Rosa Freedman, Professor of Law, Conflict and Global Development at the University of Reading said: ‘Developing high quality evidence is critical to tackling this complex and multifaceted issue. To really keep children safe from sexual exploitation we first need to understand the issue. Then develop and share a range of good practices and tools to counter it, based on research from a range of countries and contexts.’
Other country-specific projects
The project partners have carried out work in the following countries:
In December 2016, a child safeguarding workshop was held in Brasília, Brazil, with the central aim of exploring Troop Contributing Countries’ best practices and ways for them to further improve safeguarding children from sexual exploitation and abuse in UN peacekeeping operations.
The Troop Contributing Countries (TCC) perspective is crucial for understanding how to implement child safeguarding on the ground in peacekeeping operations. Bringing together government and military actors from Brazil and the UK, together with UN staff, enabled early exploration of good practice and gaps to be addressed.
In May 2017, the project team ran a workshop in Accra, Ghana, at the Kofi Annan Peacekeeping Training Centre (PTC). The central aim was to explore the Centre’s best practices and ways to improve these further. The PTC’s perspective is crucial for understanding how to implement child safeguarding on the ground in UN peacekeeping operations, with workshops enabling early exploration of good practice and gaps to be addressed.
In March 2018, the project team held a child safeguarding workshop in Buenos Aires, Argentina, with the central aim of exploring TCCs’ best practices and ways for them to further improve safeguarding.
The UN presence in Haiti recently changed from a stabilisation mission to one focused on human rights and rule of law. Our research took place at the end of MINUSTAH’s lifespan in 2017 and at the beginning of MINUJUSTH’s development in 2018. The field research, which resulted in a report about exploitation and abuse in Haiti, included interviews with a broad-range of actors, including UN entities, troop and police contributing countries, implementing partners, government actors and local civil society.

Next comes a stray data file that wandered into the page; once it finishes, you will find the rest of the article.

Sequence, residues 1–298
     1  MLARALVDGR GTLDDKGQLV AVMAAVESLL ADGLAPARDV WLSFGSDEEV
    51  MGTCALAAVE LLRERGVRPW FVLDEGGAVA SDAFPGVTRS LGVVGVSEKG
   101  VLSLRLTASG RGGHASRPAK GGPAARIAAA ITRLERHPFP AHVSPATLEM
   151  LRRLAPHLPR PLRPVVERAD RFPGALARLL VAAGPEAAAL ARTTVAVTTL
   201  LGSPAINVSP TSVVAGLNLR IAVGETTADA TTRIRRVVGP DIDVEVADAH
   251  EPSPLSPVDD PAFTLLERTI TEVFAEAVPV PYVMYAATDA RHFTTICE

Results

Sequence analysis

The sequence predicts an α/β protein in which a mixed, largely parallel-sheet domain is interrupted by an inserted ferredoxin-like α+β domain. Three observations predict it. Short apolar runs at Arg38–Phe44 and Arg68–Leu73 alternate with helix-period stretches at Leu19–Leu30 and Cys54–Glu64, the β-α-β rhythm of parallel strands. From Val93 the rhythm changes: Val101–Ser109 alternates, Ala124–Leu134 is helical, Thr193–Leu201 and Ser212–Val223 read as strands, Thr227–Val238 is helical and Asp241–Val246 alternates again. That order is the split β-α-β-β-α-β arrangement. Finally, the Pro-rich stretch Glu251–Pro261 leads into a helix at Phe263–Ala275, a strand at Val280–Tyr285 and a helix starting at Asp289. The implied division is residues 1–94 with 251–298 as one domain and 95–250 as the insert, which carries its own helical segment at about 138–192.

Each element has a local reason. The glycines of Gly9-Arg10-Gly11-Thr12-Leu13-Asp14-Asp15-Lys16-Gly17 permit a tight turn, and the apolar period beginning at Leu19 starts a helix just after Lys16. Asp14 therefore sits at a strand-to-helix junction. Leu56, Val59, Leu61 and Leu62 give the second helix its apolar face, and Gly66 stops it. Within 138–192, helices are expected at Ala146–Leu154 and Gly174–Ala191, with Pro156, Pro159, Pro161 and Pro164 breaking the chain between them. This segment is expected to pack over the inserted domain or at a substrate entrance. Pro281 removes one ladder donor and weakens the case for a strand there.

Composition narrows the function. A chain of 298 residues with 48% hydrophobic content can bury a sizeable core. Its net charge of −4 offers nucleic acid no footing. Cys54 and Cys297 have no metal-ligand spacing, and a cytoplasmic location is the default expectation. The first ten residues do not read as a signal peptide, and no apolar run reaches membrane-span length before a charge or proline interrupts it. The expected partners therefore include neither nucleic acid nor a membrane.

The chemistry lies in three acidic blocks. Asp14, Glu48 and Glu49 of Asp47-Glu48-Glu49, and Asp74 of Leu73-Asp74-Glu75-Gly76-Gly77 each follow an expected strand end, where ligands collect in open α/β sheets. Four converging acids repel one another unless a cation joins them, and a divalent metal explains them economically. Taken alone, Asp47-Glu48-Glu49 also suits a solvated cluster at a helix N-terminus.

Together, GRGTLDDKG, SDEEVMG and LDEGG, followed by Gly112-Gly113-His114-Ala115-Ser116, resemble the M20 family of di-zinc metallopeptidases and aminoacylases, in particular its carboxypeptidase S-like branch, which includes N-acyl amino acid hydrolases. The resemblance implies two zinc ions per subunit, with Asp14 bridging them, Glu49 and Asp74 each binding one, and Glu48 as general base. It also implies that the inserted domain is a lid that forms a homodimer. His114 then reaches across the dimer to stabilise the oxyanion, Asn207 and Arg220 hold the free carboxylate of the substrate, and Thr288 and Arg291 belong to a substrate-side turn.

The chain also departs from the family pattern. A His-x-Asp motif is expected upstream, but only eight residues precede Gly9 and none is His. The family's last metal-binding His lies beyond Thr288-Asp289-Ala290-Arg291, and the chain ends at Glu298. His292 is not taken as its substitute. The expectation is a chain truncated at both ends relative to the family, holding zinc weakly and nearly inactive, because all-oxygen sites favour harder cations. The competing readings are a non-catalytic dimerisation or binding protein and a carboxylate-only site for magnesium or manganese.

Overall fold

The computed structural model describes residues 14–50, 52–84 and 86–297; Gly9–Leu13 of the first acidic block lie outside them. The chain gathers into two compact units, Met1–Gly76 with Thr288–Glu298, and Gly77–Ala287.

During the second mission, the team presented the child safeguarding toolkit to a broad range of actors and entities. This involved conducting a basic assessment of current child safeguarding, and explaining how the toolkit can strengthen existing practices, remedy weaknesses and provide a mechanism to fill gaps in child safeguarding.
The Secretary-General’s 2002 report, based on those investigations, prompted UN action to address the causes and consequences of sexual exploitation and abuse. In particular, the definitions of sexual exploitation and abuse provided the basis for the UN’s zero-tolerance policy contained in the Secretary General’s 2003 Bulletin.
Key recommendations included identifying areas where policies, procedures and practices should be put in place to prevent sexual exploitation and abuse. Keeping Children Safe’s field research in Liberia in September 2017, focused on the UN peacekeeping operation (UNMIL) in the country and followed up on the 2002 reports. Using desk and field research, we analysed the changes that have been made to policies and practices within the peacekeeping operation and the UN country team, over the past fifteen years, since those initial reports.
Research papers and articles by Rosa Freedman and Sarah Blakemore: